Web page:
Don't mulch in the fall or fertilize before the bloom.

One delays dormancy, which might cause winter damage; the other encourages leafy growth when you don't want it. Grumpy encourages mulching and fertilizing in spring after the blooms disappear. (He opts for a controlled-release, acid-forming fertilizer.)

Don't wait too late to prune.

Do it right after the bloom. For most azaleas, next year's show will come from flower buds made this year, and if you prune too late, i.e. once the buds have appeared, well, you'll be bringing the curtain down prematurely. Deciduous azaleas should be pruned while dormant, while evergreen azaleas can be tip-pinched after flowering ends and into the summer to keep them shaped and compact.

Don't plant a polka-dot garden.

While it can be nice to plant a red azalea here and a white one there, a pink one here and there an orange, if you want to make the most of your plantings, you should opt for a big sweep of a single hue. Doing this will draw the eye in and create impact and drama. It will form a focal point of contrasting color in the midst of a green garden (and who doesn't love that?).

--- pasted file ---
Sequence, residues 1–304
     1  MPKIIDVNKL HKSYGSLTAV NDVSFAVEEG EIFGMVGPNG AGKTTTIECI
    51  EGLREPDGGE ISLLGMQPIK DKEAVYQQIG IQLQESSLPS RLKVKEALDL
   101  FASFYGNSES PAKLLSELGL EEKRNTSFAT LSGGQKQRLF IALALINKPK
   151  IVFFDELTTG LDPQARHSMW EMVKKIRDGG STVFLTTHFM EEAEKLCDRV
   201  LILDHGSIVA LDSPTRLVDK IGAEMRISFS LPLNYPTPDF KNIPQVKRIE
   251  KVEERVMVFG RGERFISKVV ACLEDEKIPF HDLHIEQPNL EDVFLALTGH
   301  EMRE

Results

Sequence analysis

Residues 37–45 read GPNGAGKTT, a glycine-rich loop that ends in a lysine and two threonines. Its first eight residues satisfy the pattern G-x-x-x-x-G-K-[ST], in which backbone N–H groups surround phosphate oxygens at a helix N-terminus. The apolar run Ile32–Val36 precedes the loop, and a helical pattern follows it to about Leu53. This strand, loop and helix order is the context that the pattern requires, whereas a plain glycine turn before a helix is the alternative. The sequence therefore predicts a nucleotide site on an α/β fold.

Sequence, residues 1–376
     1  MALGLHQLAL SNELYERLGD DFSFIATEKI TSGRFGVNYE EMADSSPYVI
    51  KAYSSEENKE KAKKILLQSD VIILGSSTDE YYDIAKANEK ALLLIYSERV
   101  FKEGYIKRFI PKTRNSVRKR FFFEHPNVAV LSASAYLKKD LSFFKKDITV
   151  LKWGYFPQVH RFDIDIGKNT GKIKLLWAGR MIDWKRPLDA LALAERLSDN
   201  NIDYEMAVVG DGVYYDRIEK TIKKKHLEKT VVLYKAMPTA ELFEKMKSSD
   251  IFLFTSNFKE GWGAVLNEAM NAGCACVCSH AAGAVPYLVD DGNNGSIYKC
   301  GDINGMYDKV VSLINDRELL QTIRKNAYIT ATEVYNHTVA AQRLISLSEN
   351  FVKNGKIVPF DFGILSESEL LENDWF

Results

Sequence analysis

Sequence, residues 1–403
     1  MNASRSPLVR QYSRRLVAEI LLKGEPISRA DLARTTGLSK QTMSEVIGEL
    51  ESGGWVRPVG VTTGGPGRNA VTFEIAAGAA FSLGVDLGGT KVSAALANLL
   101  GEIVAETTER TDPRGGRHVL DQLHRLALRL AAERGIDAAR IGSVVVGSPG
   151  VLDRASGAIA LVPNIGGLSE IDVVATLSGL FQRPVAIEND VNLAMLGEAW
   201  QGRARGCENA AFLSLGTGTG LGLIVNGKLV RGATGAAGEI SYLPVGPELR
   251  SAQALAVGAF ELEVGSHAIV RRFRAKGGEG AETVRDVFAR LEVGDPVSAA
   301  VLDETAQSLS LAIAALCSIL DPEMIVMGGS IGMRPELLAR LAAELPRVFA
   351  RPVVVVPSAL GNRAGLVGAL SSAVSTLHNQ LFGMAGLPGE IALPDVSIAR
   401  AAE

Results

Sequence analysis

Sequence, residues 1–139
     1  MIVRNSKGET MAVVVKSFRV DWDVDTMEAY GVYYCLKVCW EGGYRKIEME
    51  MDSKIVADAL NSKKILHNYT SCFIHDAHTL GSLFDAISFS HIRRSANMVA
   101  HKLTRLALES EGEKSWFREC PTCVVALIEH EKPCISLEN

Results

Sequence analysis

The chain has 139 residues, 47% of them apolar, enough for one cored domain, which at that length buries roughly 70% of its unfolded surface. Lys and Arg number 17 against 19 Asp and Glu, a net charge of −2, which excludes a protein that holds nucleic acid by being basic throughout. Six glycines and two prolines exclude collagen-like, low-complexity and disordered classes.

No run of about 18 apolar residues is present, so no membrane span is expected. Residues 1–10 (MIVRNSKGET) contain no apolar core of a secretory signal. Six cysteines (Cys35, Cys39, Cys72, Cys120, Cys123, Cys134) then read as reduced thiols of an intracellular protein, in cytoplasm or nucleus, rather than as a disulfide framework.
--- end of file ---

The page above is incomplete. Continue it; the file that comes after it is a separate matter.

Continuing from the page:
Azaleas
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Azalea Selections

Once you've read up on planting azaleas and how to keep them healthy, you're probably ready to get into the garden and get your hands dirty. Wondering which azaleas to plant? Here are a few good ones to get you started: dark red-orange 'Red Fountain' (North Tilsbury Hybrid; Upper South, Middle South, Lower South); showy pink 'Pride of Mobile' (Southern Indica Hybrid; Middle, Lower, Coastal South); delicate pink 'George Lindley Taber' (Southern Indica Hybrid; Middle, Lower, Coastal South); deep pink to coral red 'Amagasa' (Satsuki Hybrid; Middle South, Lower South, Coastal South); white, pink-edged 'Albert and Elizabeth' (Belgian Indica Hybrid; Tropical South).

Choose your azaleas, and get growing. They're a fantastic beginner shrub for Southern gardens, and once they start blooming, you'll understand why they've been the region's favorite flowering plant for ages.